As the population ages and so do pension plans pension, there is obviously a sector need for fixed income, according to Karl Dasher, CEO and co-head of fixed income in North America at Schroders.
“Given that we need to be in it, how do we operate within this environment, where the compensation for risk at the highest level, at the aggregate level, has declined significantly?” Dasher asked.
Schroders held a panel discussion that was moderated by Dasher in New York on Tuesday for media to discuss their outlook for the fixed income sector.
According to Dasher, politics and the current political environment underlies everything the fixed income team is doing.
Dasher, who has been in the business for more than 20 years, said he’s never seen a time where investors are having to spend more time thinking about the actions of politicians then they are today.
“If I go back four or five years ago, it was a migration to the actions of central bankers. We were spending a lot of time thinking about them,” Dasher said. “Now we’re spending a lot of time thinking about the actions of politicians.”
Beyond monitoring politics, Dasher asked four of Schroders’ fixed income portfolio managers to discuss the biggest risks keeping them up at night.
Andy Chorlton, head of U.S. multi-sector fixed income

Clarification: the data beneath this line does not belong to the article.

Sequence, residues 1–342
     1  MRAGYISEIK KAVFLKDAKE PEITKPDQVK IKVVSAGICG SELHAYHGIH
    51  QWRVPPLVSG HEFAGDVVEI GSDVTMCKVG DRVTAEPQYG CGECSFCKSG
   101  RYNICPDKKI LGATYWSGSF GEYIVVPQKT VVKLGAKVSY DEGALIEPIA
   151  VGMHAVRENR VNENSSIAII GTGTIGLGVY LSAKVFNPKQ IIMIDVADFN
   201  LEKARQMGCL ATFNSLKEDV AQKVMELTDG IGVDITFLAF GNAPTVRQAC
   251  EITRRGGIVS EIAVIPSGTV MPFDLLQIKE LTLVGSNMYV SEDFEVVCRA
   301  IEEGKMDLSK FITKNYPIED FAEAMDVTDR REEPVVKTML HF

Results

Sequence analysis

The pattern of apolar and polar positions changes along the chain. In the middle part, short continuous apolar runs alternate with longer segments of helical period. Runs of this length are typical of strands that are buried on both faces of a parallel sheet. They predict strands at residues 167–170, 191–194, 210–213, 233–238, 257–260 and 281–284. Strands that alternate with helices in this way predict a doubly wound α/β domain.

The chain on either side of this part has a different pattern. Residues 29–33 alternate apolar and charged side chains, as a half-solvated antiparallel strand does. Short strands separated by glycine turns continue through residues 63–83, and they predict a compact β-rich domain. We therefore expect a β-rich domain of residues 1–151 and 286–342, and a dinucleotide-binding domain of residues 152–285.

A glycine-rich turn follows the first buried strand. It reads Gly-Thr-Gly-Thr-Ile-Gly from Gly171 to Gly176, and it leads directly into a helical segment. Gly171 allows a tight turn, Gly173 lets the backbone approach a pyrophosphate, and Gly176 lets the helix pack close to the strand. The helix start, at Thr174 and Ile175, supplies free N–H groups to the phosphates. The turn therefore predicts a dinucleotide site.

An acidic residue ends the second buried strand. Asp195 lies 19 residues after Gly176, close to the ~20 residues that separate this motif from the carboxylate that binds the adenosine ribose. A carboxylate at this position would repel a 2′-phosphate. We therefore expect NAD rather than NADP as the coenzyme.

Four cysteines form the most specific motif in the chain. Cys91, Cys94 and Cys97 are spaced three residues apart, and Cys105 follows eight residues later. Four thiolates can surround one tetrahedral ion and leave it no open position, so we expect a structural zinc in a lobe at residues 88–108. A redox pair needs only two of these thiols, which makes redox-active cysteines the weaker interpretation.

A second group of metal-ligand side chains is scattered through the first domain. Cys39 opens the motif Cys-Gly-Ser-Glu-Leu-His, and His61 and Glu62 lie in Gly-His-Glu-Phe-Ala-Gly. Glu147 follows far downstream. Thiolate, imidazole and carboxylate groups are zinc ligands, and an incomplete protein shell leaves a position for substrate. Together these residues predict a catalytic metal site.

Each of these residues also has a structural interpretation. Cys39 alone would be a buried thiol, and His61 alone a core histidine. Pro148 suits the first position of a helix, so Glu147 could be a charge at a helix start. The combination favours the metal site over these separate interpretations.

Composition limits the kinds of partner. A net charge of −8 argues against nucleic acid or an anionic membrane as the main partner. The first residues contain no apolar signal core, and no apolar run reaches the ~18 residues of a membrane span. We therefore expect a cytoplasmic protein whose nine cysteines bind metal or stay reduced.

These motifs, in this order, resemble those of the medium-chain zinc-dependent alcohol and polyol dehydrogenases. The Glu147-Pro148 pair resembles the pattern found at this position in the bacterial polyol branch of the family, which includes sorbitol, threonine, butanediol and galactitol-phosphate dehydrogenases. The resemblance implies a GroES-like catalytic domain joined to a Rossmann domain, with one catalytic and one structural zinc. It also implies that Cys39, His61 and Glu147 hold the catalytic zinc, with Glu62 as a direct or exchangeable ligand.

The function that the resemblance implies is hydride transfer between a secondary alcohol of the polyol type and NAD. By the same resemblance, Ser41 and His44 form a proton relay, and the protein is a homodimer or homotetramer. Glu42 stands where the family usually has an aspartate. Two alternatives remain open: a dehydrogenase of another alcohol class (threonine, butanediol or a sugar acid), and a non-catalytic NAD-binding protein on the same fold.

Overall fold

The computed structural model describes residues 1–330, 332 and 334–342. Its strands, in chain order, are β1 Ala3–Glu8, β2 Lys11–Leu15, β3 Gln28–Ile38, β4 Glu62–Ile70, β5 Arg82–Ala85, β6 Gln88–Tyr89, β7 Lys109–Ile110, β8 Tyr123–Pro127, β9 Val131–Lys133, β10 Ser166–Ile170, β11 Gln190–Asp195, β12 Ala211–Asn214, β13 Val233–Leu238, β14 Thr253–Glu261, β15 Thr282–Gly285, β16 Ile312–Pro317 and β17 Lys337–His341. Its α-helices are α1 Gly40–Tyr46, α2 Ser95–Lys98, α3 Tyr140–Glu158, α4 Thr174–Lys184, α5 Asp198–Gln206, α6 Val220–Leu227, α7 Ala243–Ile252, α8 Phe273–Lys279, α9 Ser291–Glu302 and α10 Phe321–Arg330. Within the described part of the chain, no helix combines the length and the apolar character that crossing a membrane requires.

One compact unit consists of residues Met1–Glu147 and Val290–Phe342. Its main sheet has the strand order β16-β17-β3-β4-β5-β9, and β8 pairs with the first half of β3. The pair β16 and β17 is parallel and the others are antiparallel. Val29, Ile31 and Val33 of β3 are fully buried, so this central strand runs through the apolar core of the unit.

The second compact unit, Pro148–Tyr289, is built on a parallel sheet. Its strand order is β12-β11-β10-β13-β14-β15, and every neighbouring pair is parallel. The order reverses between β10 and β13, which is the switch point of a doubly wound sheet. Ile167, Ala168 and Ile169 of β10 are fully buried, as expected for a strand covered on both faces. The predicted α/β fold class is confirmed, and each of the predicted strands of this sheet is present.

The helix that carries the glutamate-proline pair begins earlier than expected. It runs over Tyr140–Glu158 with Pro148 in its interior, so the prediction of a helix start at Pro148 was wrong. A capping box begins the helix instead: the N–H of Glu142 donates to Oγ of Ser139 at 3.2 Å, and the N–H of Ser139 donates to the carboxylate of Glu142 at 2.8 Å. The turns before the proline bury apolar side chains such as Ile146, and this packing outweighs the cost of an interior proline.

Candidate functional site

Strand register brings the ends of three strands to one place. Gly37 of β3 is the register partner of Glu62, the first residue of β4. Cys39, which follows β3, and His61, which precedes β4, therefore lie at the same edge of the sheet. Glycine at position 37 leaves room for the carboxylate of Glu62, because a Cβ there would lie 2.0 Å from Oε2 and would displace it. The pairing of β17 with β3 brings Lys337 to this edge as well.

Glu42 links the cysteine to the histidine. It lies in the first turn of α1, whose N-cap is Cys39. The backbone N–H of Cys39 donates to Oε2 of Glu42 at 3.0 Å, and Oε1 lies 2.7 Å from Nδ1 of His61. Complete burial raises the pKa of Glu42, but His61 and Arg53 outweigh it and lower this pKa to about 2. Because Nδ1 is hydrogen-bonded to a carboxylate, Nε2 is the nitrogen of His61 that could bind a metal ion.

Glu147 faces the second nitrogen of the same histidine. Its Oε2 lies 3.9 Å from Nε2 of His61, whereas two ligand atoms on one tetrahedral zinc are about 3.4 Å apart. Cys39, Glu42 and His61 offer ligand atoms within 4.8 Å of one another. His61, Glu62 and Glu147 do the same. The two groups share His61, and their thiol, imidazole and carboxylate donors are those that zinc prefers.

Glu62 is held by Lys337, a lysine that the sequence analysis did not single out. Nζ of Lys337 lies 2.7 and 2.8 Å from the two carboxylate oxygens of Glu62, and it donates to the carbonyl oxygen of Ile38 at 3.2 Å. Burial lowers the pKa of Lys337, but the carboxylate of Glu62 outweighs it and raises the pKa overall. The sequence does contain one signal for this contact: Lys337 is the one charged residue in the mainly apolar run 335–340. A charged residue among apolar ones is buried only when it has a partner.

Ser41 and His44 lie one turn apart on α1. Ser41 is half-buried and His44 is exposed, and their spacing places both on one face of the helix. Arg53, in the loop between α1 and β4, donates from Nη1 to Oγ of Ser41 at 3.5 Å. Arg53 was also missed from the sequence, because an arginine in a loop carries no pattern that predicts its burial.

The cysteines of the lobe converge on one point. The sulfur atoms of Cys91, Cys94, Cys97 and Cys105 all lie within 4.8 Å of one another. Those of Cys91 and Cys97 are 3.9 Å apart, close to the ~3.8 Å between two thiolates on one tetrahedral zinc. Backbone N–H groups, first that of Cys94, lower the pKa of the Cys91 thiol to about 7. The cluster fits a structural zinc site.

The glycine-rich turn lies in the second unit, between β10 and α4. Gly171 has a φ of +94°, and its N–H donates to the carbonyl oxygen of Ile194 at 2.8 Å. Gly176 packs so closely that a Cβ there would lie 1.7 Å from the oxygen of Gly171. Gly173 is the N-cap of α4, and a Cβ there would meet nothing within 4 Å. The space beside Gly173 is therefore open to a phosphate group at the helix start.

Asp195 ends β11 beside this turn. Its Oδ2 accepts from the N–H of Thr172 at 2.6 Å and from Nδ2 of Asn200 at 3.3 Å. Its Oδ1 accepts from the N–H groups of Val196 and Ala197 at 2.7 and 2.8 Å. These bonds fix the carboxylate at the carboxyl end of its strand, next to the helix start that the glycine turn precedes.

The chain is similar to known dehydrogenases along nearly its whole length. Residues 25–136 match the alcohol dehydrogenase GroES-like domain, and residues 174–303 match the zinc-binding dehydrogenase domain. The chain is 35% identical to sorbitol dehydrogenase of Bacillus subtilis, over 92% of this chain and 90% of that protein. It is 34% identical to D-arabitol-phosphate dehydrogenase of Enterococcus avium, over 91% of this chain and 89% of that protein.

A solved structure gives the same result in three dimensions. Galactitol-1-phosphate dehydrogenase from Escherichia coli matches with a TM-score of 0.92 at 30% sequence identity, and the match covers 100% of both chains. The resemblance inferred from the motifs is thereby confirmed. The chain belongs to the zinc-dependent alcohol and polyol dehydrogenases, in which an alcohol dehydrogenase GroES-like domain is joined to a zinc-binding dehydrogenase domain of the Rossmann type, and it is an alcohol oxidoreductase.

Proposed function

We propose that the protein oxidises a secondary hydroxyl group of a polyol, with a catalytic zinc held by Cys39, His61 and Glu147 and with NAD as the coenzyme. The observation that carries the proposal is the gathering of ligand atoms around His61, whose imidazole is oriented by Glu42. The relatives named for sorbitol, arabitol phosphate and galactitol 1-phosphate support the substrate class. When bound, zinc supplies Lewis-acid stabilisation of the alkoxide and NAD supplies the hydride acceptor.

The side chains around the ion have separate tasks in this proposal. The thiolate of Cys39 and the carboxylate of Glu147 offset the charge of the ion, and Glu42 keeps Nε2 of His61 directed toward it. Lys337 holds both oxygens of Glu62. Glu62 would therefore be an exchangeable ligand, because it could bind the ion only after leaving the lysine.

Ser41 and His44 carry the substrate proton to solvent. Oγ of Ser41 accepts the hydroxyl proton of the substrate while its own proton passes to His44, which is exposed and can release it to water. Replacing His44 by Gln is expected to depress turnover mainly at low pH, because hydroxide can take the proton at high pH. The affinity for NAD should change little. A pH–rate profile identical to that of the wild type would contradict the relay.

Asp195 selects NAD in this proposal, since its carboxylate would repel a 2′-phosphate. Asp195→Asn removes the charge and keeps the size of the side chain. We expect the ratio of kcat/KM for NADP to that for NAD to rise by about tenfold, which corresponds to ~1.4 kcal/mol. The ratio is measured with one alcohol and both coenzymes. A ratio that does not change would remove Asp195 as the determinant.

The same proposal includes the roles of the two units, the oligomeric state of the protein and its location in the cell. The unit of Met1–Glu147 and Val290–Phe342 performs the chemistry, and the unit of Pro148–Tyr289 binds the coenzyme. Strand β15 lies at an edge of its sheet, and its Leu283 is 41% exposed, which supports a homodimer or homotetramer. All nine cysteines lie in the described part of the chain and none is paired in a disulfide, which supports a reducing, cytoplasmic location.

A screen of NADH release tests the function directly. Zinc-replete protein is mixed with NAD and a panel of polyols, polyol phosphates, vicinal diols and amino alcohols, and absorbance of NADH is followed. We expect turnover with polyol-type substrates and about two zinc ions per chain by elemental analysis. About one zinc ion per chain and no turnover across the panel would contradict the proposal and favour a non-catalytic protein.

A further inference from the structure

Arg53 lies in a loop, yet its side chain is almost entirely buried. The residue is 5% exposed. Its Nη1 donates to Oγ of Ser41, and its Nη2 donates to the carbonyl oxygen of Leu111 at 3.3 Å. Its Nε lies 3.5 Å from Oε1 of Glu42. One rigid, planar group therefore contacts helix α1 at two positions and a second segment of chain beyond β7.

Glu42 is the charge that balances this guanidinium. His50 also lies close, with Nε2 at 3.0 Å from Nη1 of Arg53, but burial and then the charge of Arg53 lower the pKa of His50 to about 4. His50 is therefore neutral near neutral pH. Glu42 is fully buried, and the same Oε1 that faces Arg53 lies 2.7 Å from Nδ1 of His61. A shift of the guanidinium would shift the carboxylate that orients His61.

For Chorlton, it’s a lack of risk that’s keeping him awake.
“We’ve got the least aggregate amount of risk in our strategies that we’ve had at any time since the financial crisis,” Chorlton said.
Chorlton is concerned about how long what he considers a “QE-fueled misprice of risk” will continue.
“That’s our biggest concern is that QE, I strongly believe, mispriced risk completely in fixed income particularly,” he added.
Michelle Russell-Dowe, head of securitized credit
Russell-Dowe also called out QE as the basis for her concerns.
“Everyone has been sort of mollified by stimulus, by QE, into feeling things are very calm and steady and they have been for a very long time,” she said. “Anybody who’s bearish on rates has been punished since 2012.”
Because the Federal Reserve telegraphs everything, Russell-Dowe doesn’t expect any “earth-shaking surprises.” In the meantime, Russell-Dowe said, “everyone sits around the room trying to discuss where’s the surprise coming from that I can’t see?”